The Legislative Assembly of Amapá honored, on the morning of this Monday, 18th, the Japanese community in Amapá for the 70th anniversary of the arrival of the Japanese in the state. In response to the request of the state deputy, Edna Auzier (PSD) A solemn session was held to celebrate 7 decades of contributions to the development of the state, especially in Japanese agriculture, fruit growing and art.
The immigrants arrived in Amapá on September 6, 1953, in the period after the Second World War, in a total of 29 families when the still federal territory of Amapá was governed by Janary Nunes who was in charge of territorial management from 1943 to 1958. Initially They settled in the agricultural colony of Matapi, extending to Fazendinha, Mazagão and Porto Grande, where they dedicated themselves to the production of vegetables and fruits. Since then, many have permanently settled in the state and worked in different areas, contributing significantly to the growth of what is now the state of Amapá.
At 4 years old, Keiko Meguro arrived in Amapá with his parents. Japanese by birth, she lived her entire life in the state, married a Brazilian, an agronomist and had children who are Brazilian. She participated in the solemn session representing all the honored families. ”I am very happy with the recognition of this legislative House. It wasn’t easy for us, but we managed to build our history and build a future for our descendants. I thank all the bodies and entities involved in this tribute, the press present here and Amapá for giving us this opportunity to celebrate this important date with such a beautiful event that received so much support. Despite the difficulty of getting everyone together, everything went well and now we are here at this exciting moment”, she said.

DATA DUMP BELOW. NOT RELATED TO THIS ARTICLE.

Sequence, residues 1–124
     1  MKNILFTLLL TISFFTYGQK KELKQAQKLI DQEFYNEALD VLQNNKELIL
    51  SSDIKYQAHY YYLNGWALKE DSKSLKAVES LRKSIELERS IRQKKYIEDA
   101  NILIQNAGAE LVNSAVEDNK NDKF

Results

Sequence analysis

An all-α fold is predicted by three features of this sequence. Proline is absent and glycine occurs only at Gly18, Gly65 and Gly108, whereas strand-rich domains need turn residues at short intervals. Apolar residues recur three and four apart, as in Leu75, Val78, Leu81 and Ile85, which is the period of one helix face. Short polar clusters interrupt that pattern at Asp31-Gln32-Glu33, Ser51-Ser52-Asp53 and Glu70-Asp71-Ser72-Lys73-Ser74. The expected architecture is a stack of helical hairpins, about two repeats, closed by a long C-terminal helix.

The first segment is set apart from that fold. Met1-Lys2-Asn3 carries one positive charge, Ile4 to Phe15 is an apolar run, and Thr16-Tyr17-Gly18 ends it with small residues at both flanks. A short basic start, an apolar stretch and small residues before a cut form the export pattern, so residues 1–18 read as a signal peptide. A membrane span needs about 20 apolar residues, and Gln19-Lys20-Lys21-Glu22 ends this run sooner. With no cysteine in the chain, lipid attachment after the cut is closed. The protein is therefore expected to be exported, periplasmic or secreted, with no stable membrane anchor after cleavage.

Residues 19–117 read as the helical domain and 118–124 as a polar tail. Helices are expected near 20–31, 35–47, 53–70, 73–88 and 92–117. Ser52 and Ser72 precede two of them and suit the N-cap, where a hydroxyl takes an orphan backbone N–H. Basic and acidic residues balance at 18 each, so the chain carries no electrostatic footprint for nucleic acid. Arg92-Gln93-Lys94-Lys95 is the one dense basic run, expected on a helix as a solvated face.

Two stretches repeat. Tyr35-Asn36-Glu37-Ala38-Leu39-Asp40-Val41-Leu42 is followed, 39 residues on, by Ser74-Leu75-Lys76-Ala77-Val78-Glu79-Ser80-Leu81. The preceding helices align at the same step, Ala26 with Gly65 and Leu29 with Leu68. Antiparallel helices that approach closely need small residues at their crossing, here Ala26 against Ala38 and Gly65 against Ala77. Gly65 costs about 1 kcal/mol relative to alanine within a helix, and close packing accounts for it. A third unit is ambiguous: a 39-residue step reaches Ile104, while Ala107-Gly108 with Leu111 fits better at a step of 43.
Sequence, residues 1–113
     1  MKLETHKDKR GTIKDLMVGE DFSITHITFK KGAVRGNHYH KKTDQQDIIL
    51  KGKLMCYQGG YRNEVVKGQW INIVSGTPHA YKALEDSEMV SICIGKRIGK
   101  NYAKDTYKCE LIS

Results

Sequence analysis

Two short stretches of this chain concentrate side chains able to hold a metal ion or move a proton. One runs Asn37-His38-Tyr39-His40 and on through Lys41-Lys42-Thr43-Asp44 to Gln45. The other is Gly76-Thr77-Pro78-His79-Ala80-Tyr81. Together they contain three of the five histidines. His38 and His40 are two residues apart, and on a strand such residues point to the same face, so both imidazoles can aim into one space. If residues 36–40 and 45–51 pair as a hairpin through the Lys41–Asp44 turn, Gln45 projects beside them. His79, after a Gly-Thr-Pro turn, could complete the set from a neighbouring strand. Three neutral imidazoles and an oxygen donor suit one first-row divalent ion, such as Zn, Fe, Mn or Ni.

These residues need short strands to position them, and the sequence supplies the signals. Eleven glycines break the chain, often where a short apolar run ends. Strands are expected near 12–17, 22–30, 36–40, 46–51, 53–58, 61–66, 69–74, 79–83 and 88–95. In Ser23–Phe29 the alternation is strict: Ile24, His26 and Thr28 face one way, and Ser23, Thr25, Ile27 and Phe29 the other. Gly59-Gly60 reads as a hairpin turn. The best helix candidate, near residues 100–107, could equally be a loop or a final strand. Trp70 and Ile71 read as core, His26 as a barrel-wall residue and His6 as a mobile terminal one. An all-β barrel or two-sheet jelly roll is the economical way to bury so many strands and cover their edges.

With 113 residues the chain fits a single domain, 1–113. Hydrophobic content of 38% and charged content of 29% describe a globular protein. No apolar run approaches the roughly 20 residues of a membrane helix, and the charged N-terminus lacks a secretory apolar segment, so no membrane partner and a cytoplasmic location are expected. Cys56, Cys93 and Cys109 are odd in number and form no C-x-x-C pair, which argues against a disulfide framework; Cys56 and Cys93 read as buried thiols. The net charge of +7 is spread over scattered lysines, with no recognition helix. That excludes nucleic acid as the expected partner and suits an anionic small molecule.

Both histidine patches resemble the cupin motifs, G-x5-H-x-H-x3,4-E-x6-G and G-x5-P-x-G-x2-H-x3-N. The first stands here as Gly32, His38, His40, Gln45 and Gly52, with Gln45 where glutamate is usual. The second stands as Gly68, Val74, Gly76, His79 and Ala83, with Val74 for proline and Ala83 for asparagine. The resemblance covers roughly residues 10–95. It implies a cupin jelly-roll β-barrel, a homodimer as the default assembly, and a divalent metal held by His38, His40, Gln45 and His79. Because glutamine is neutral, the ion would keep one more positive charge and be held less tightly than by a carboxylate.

The Taiko group (ancestral Japanese drum, before the samurai), an instrument that encompasses a variety of percussion sounds, performed a beautiful performance to show a little of Japanese culture. Currently, there are pioneers in the state and countless descendants of the first families that arrived in the region. Today, the Japanese-Brazilian Amapá community is fully integrated into various segments in the areas of education, science, politics, sports, gastronomy, martial arts and other sectors.
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